“He didn't say the Germans are behaving badly,” Juncker told journalists in Sicily ahead of the start of a Group of Seven summit involving the leaders of the United States, Germany, France, Italy, Britain, Canada and Japan. “He said we have a problem, as others do, with the German surplus. So he was not aggressive at all. Bad doesn't mean evil.”
Soon afterward, White House press secretary Sean Spicer appeared to leap on Juncker’s comments to debunk the story. Responding to a tweet by New York Times White House correspondent Maggie Haberman about the Der Spiegel article, Spicer wrote: “Except it’s not true: Juncker says Trump was not aggressive on German trade surplus.” 
And yet, when asked on the sidelines in Sicily, chief White House economic adviser Gary Cohn seemed to confirm that the president had said something about “bad” German trade practices. 
“He said they’re very bad on trade but he doesn't have a problem with Germany,” Cohn said. “He said his dad is from Germany. He said, ‘I don't have a problem with Germany. I have a problem with German trade.’ ”
Another official with direct knowledge of the Thursday meeting told The Washington Post on Friday that Trump had never used the word “bad.” 
“He did say yesterday that there’s a massive deficit that he doesn’t intend to put up with, but nothing about Germany being bad,” said the official, who spoke on the condition of anonymity to discuss a private meeting with top leaders. Cohn was not taking formal notes during the conversation, the official said.
During an appearance with Japanese Prime Minister Shinzo Abe, Trump ignored a question from a reporter who asked whether he had called the Germans “bad.”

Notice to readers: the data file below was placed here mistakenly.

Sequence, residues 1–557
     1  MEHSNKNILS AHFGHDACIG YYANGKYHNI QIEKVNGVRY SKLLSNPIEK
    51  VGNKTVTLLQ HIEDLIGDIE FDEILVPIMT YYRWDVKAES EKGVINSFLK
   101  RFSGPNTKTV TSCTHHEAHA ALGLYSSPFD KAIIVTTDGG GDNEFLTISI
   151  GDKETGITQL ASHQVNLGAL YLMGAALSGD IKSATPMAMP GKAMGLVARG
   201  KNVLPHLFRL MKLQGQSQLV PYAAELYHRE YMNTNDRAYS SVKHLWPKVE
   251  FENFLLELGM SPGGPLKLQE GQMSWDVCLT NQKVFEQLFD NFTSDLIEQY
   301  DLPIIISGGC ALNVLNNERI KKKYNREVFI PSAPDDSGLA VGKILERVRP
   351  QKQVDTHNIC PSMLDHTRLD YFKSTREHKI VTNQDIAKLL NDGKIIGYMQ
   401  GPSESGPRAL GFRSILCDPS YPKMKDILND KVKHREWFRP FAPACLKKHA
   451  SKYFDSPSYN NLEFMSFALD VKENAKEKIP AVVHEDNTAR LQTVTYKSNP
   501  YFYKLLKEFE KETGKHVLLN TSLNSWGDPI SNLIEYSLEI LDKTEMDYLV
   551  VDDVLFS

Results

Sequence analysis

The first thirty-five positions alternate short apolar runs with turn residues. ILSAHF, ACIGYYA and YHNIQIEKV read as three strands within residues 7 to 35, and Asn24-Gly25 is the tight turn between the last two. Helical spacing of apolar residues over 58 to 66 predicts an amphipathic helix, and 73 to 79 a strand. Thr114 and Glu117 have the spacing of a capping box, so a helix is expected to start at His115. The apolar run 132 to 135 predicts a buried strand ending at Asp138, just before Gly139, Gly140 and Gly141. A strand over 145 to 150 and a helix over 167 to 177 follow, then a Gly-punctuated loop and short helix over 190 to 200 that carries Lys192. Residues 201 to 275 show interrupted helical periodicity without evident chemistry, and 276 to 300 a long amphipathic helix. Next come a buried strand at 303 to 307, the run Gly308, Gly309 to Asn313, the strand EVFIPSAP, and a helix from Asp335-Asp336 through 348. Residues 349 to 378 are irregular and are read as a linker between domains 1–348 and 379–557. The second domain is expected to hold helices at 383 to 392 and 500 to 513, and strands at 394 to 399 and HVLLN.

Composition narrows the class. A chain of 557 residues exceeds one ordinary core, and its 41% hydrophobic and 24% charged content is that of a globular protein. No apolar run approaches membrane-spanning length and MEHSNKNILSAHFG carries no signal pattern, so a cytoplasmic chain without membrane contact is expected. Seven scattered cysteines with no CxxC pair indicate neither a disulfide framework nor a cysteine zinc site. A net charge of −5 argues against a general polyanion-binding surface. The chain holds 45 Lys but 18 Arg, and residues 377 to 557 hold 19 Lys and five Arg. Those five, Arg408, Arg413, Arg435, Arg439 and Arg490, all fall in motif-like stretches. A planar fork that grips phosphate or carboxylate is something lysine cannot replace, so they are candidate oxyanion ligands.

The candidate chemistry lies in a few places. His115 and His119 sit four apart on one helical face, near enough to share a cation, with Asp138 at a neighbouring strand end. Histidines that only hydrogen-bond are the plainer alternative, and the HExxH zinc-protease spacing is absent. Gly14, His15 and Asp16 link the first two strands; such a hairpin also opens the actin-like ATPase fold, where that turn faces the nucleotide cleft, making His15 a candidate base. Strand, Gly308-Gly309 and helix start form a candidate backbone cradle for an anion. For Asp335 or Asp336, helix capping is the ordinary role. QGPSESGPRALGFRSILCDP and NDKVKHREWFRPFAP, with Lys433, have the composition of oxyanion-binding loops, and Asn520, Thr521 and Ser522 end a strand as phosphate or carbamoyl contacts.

In Germany, however, the incident seemed to highlight suggestions of a growing rift between Washington and Berlin after the frosty March meeting between the president and Chancellor Angela Merkel, who Trump repeatedly jabbed at on the campaign trail last year. In a January interview with the European press, Trump called out German corporate titans including BMW, warning that they may face fat tariffs on U.S. imports should they keep building cars in Mexico.  
Asked about Trump’s alleged comments, Germany’s deputy government spokesman, Georg Streiter, said in Berlin on Friday that “a trade surplus is neither bad nor evil; it’s the result of the interplay between supply and demand on world markets.”
Martin Schulz, the candidate from the center left who is challenging Merkel in this year’s election, appeared to more generally condemn Trump’s aggressive behavior toward Germany as Europe as a whole Europe at the Brussels gathering. In the meeting, Trump also demanded that allies pay more for their defense and held back on offering an unconditional pledge to honor NATO’s treaty commitment that an attack on a single alliance nation is an attack on all.
“Such humiliating treatment is to be rebuffed,” Schulz said in Berlin, according to German press reports. “One does not need to accept something like that.”
Norbert Röttgen, head of the foreign affairs committee of the German parliament who hails from Merkel’s Christian Democratic Union, told Spiegel Online: “U.S. President Trump isn’t capable to lead the Western alliance. In any case, he isn't interested in it at the moment.”  
The daily Frankfurter Allgemeine Zeitung quipped: “It’s worth having a look at other Trump quotes: Who else does the president find “bad.” Suddenly the Germans find themselves in the company of North Korea . . . and Mexican drug gangs.”
Some wore the alleged slight as a badge of honor: “#The Germans are very, very bad’ #Trump. Haven’t been praised like that in a while,” tweeted Bernd Ulrich, a journalist with Die Zeit.
André Schwarz, spokesman for the Federation of German Wholesale and Foreign Trade (BGA), called Trump’s stance on Germany’s trade surplus wrongheaded.
“The right way is to improve one’s own competitiveness instead of trying to gain advantages by means of some kind of import tariffs” on “good” German products, he said.